The compositions of the Gurus in each raga were followed by those of the bhaktas in the same format. Gurmukhi was the script used for transcription. A genius unique in spiritual insight and not unconcerned with methodological design had created a scripture with an exalted mystical tone and a high degree of organization. It was large in size - nearly 6,000 hymns containing compositions of the first five Gurus (Guru Arjan’s own contribution being the largest) and fifteen saints of different faiths and castes, including the Muslim Sufi, Shaikh Farid, Ravidas, a shoemaker, and Sain, a barber.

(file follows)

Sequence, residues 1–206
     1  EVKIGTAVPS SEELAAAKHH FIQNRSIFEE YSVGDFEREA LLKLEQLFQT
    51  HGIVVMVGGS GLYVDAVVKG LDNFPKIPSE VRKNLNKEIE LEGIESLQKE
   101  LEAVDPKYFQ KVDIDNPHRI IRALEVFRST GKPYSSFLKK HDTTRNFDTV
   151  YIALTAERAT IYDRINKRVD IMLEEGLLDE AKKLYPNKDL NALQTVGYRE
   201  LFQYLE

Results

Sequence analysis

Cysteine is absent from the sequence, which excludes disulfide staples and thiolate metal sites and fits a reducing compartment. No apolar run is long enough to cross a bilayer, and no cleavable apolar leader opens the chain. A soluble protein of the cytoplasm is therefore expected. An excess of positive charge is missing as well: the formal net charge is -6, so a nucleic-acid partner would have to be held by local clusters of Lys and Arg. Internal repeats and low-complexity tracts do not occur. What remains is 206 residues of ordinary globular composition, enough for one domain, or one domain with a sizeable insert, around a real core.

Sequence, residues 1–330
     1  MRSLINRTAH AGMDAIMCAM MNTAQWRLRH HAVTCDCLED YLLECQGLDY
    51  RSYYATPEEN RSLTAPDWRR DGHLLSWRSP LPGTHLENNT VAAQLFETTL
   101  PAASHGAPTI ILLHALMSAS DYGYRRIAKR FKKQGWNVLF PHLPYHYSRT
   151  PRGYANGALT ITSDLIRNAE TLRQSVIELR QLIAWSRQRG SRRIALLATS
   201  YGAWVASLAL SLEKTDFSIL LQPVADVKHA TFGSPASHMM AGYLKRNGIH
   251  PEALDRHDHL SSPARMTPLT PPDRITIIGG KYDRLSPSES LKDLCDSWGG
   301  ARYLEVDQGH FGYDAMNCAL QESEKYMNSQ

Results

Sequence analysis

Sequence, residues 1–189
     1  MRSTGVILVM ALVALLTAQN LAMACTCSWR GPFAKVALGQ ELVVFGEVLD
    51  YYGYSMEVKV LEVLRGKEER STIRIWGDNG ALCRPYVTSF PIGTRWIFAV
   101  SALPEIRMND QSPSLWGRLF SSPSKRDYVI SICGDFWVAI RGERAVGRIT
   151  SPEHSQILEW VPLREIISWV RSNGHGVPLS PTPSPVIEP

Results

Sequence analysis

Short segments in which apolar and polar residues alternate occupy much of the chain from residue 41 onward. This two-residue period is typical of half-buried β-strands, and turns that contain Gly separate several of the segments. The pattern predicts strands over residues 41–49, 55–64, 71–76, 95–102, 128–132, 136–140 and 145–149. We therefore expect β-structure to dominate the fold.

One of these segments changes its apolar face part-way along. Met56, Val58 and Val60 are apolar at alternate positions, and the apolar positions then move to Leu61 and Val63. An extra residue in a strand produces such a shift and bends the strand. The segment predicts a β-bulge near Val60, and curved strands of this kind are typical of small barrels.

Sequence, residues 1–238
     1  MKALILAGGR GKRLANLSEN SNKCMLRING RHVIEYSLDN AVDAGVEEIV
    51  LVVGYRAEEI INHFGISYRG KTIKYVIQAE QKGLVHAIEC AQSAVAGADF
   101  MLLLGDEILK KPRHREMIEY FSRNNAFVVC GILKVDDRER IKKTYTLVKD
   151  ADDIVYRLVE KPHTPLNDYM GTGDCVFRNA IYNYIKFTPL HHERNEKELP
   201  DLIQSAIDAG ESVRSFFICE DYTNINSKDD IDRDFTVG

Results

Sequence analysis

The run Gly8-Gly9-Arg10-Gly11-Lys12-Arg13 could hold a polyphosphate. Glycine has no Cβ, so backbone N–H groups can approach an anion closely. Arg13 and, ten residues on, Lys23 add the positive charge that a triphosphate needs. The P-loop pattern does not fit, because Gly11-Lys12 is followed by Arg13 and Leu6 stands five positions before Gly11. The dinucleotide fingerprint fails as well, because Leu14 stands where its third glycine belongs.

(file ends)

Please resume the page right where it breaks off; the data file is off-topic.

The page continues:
Guru Arjan’s vast learning in the religious literature of medieval India and the varied philosophies current at the popular and academic levels, besides his accomplishment in music and his knowledge of languages ranging from the Sanskrit of Jayadeva (Jaidev) through the neo-classical tradition in Hindi poetry then developing into the various dialects spread over the great expanse of northern and central India and Maharashtra is visible from his evaluative work in putting together this authoritative collection. The completion of the Adi Granth was celebrated with much jubilation. In thanksgiving, karahprasad was distributed in huge quantities among the Sikhs who had come in large numbers to see the Holy Book. The Granth was ceremonially installed in the centre of the inner sanctuary of the Harimandar Sahib on Bhadon sudi 1,661 Bk/16 August, 1604. The revered Bhai Buddha who was chosen to take charge of the Granth, opened it with reverence to receive from it the divine command or lesson as Guru Arjan stood in attendance behind. The following hymn was read as God’s own word for the occasion: